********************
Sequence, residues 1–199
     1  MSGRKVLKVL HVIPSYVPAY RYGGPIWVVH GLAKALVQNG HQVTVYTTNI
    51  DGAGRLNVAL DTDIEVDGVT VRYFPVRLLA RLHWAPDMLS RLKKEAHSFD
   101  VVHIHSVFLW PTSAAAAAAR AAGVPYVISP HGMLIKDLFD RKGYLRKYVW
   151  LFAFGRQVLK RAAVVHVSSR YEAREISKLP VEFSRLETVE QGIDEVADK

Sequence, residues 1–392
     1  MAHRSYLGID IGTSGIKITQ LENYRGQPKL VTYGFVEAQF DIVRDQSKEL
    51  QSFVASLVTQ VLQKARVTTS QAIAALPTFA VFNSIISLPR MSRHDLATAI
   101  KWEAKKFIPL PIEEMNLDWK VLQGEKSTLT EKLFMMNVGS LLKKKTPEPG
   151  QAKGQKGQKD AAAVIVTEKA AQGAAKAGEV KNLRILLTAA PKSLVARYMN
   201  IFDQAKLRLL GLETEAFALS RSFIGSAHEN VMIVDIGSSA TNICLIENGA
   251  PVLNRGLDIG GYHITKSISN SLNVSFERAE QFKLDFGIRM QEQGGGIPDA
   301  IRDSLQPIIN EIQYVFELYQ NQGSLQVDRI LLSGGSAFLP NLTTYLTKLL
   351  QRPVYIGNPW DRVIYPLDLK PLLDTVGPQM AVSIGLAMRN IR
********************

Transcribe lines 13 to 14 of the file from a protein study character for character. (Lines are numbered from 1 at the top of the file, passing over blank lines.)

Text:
   301  IRDSLQPIIN EIQYVFELYQ NQGSLQVDRI LLSGGSAFLP NLTTYLTKLL
   351  QRPVYIGNPW DRVIYPLDLK PLLDTVGPQM AVSIGLAMRN IR